I have 2 sons (the pride and joy of my life) from 2 different husbands.
My oldest son’s father was the disappearing one. We left him when my son was only a year and a half old after the relationship turned violent. I tried to keep a connection for my son with his dad, but I couldn’t do it alone. He did not make the effort to stay connected, so he disappeared from his son’s life. I worried about my son and tried to provide him with father-like figures throughout his life. He had my dad and my brothers as father figures in his life and some of my great friends who were there for him as well.
But mostly he had me, as both mother and father. He is an amazing 19-year-old young man who is surprisingly well adapted and not bitter about his disappearing father.
My younger son has known his dad most of his life. He is 11 years old and we are only recently divorced. He sees his dad every other weekend. Every other weekend he is faced with disappointment from his father. He says it doesn’t hurt when his dad shows up late or cancels, but I know it does.
Being the one who’s home with his all the time, I sense a difference in his voice and his spirit when talking about his dad. He is careful and guarded. He is shy and uncertain. When he wants to make a change in his plans with his dad, he asks me to intervene. When he wants his dad to come watch him compete on his swim team, he asks me to invite him. And when he comes home from his dad’s, he holds me tighter.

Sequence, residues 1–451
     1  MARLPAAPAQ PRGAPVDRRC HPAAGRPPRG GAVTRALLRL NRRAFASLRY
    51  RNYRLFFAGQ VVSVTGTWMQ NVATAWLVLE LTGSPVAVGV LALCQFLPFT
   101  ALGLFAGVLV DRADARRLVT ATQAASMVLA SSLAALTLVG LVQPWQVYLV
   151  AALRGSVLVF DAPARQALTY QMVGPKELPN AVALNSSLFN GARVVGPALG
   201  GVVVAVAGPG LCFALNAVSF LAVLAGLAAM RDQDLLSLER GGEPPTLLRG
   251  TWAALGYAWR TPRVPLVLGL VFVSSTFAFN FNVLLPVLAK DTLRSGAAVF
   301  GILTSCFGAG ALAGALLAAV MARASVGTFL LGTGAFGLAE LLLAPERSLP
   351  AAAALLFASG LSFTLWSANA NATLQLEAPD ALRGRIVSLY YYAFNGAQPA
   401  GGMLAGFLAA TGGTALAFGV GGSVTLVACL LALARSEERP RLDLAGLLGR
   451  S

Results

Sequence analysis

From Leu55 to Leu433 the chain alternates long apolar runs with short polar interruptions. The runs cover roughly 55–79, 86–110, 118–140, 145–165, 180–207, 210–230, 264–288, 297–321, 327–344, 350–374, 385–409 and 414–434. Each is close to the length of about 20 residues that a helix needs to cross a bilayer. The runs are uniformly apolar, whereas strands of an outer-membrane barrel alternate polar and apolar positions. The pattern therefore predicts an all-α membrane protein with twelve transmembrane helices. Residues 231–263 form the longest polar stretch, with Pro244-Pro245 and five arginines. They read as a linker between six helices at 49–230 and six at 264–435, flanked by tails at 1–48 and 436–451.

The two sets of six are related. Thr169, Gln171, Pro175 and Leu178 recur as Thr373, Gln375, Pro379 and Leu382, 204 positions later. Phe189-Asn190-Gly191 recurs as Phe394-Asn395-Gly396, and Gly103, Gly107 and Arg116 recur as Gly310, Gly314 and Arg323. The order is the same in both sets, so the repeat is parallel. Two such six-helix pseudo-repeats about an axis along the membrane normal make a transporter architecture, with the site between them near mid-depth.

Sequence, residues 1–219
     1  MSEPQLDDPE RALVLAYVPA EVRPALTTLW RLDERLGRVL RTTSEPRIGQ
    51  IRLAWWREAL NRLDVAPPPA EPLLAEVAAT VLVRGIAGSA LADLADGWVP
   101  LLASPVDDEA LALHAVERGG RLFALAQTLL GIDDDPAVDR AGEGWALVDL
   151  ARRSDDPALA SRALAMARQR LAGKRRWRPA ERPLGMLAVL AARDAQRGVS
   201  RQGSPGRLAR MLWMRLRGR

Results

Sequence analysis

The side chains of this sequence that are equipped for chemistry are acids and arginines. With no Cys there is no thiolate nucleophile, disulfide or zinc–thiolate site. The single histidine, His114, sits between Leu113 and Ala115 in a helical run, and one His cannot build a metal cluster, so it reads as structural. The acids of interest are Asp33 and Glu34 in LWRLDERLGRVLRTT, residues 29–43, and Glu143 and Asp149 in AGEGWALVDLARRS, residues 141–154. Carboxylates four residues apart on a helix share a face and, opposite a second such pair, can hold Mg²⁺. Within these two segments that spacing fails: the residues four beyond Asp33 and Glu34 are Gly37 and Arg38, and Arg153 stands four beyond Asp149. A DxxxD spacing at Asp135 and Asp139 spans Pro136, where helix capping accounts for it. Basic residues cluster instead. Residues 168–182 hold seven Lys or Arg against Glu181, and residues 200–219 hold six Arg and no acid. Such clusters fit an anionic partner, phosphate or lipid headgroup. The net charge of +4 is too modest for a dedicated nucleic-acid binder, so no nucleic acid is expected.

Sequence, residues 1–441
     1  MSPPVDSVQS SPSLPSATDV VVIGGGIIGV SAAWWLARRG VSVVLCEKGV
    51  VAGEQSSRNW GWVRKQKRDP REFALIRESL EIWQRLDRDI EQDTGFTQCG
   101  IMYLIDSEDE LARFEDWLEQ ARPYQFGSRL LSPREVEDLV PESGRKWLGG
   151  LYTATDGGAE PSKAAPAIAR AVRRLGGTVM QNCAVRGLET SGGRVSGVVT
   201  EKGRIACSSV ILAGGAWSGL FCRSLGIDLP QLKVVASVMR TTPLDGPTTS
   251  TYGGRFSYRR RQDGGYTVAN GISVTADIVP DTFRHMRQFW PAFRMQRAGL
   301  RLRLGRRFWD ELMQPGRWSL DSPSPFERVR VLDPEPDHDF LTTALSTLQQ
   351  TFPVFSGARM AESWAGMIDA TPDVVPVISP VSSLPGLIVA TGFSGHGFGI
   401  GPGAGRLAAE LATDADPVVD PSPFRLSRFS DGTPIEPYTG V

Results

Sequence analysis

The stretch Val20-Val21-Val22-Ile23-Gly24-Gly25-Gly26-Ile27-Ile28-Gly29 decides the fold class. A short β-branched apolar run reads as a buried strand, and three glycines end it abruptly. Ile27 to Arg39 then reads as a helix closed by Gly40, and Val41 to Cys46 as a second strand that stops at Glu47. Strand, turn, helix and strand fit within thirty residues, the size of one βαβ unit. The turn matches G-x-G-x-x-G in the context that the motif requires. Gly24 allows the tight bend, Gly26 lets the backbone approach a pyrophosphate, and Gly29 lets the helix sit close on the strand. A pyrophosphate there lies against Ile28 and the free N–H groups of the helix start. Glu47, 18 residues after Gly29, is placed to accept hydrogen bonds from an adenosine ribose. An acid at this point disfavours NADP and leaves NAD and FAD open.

I think that because he had a dad involved in his life for a long time, he misses the “dad” role more so than my older son did. He talks more about what kind of a dad he wants to be. I have a few friends who he looks to as a father figure. He talks about them to me and always tells me what he admires in them. He is constantly comparing and questioning.
He thinks things through very thoroughly. We were visiting with my sister one day and he asked her he could live with her if something happened to me. He had it all planned out. He told us all about it. First he would live with my sister and her family, then if something happened to all of them, he would live with my brother and sister in law, then if something happened to all of them, he would live with my friends. Then if he had to, he would live with his dad. He said to my sister, “You know, my dad is a pretty good dad, but he’s not a great parent, if you know what I mean.” Unfortunately, he does know what he means.
While both my boys are different and have had different experiences with their fathers, I think that the disappointment is harder than the disappearance. While my older son was probably disappointed by the fact that his father was not in his life, it was not a constant sense of disappointment every other weekend.
It will be a struggle to help my son deal with the constant disappointment. I will continue to give him positive role models in his life, both male and female. And I will continue to be there for him, as both mother and father. And I will continue to love him enough to grow into the wonderful young man I know he will be.